With all the basics covered, it’s time to check out today’s lingonberry sauce for meatballs recipe. It goes without saying, Swedish meatballs are a fantastic weeknight meal, but they’re also an inviting appetizer for when having friends over. These meatballs are so good they’ll fit for the most memorable occasions. Really, they’re even date night material.
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Wishing you Tasty Happenings,
Your Recipe Concierge!
Not all meatballs are created equal, and one of the most exciting ones are the Swedish meatballs. These beauties are served with creamy gravy with lingonberry jam. I serve this meatball as an appetizer with toasted country bread and Lingonberry Fruit Spread.
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Swedish Meatball Ingredients
- 1 pound 85/15 ground beef
- 1 pound ground pork
- ½ cup breadcrumbs
- 3 grated shallots
- 3 grated garlic cloves
- 2 large eggs
- 1 teaspoon toasted and ground caraway seeds (or store-bought ground caraway seeds)
- ⅓ cup chopped flat-leaf parsley, plus more for garnish
- 1 teaspoon Kosher salt
- ¼ teaspoon ground black pepper
Lingonberry Sauce Ingredients
- 3 Tablespoons unsalted butter
- 2 Tablespoons all-purpose flour
- 1-⅓ cups beef broth
- ½ cup fat-free sour cream
- ⅓ cup fat-free milk
- 2 Tablespoons pickle juice
- ¼ to ½ cup Lingonberry Fruit Spread, plus more for serving
- Preheat the oven to 380F degrees
- Place the ground beef and ground pork in a large mixing bowl with the breadcrumbs. Then add the grated shallot, grated garlic, eggs, ground caraway seeds, chopped parsley, salt, and pepper. See notes below.
- Mix well using your hands but don’t overmix. Use an ice cream scoop to make the balls and roll it around in your hands to shape it into small-sized meatballs, or medium-sized if you prefer bigger meatballs. Continue forming the meatballs and putting them on a baking sheet.
- Bake the meatballs on the baking sheet in the oven for about 13 minutes.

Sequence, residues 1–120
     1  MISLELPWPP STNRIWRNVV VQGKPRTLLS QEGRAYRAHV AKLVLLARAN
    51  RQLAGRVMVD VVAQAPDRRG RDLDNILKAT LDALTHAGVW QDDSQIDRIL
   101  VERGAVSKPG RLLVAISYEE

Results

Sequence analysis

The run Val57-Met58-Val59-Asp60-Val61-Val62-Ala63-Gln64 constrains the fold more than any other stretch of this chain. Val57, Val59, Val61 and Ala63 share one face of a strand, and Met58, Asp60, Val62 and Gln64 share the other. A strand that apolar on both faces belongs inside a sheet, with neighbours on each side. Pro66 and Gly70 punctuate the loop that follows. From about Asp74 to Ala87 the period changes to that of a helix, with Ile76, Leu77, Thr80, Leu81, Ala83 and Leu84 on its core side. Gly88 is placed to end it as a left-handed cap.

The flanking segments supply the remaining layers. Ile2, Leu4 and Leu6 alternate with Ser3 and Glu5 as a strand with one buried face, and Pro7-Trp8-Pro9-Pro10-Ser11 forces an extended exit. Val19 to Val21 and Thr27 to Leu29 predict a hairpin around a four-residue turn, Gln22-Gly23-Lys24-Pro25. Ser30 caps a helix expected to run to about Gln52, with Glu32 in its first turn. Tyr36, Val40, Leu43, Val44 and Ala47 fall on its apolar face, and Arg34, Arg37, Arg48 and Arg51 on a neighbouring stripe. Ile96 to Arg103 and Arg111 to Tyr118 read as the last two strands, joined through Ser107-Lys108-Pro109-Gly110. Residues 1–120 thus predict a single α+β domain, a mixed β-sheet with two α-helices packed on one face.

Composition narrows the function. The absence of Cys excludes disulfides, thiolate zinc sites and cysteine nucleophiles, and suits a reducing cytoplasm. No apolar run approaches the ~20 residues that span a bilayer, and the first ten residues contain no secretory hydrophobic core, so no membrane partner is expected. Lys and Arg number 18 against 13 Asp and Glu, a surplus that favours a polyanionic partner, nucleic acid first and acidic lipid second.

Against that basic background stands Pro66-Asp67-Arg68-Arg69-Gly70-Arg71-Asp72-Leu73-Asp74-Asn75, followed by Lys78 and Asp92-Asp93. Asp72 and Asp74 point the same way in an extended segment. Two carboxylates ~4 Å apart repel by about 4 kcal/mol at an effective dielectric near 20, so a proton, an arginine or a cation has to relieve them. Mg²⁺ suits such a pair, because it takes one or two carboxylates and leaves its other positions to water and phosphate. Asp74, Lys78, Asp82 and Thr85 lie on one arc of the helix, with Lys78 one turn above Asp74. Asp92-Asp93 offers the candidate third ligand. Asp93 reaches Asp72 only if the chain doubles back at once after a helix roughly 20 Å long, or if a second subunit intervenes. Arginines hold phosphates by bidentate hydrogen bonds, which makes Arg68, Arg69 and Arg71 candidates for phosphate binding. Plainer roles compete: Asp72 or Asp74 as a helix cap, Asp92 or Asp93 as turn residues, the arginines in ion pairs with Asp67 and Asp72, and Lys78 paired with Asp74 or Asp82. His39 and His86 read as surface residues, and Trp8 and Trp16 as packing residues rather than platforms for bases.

- Heat on the stove a large saucepan with the butter. When the butter is melted, add the flour and whisk for a couple of minutes until the flour is cooked.
- Pour the beef broth in slowly and keep whisking until the sauce is smooth.
- Add the fat-free sour cream, fat-free milk, and pickle juice. Simmer until the sauce gets thick and creamy. It takes a minute or two. If it gets too thick, add more beef broth (remember when the sauce is cold will get thicker). See notes below.
- Add the Lingonberry Fruit Spread until combined. You can start adding ¼ cup first and taste to your liking. I found that ½ cup was perfect for a touch of sweetness.
- Add the meatballs with the dripping from the baking dish to the saucepan and simmer for a couple of minutes until the meatballs are heated through. Sprinkle with chopped parsley and transfer to a serving bowl.
- Serve the Swedish Meatballs with additional lingonberry jam on the side, and with cooked egg noodles or mashed potatoes. You can also serve as an appetizer with toothpicks.
You can use the food processor to save time by chopping the garlic, parsley, and shallots very fine.
In step 7, I recommend if you want more sauce to add extra beef broth. After you add the meatballs, you cannot add more liquid. You will be sorry for not adding more liquid earlier.
- Prep Time: 15 minutes
- Cook Time: 30 minutes
- Category: Dinner, Holiday, Appetizer
- Method: baking
- Cuisine: Swedish
Keywords: köttbullar, Scandinavian recipes, lingonberry sauce for meatballs, lingonberry jam recipe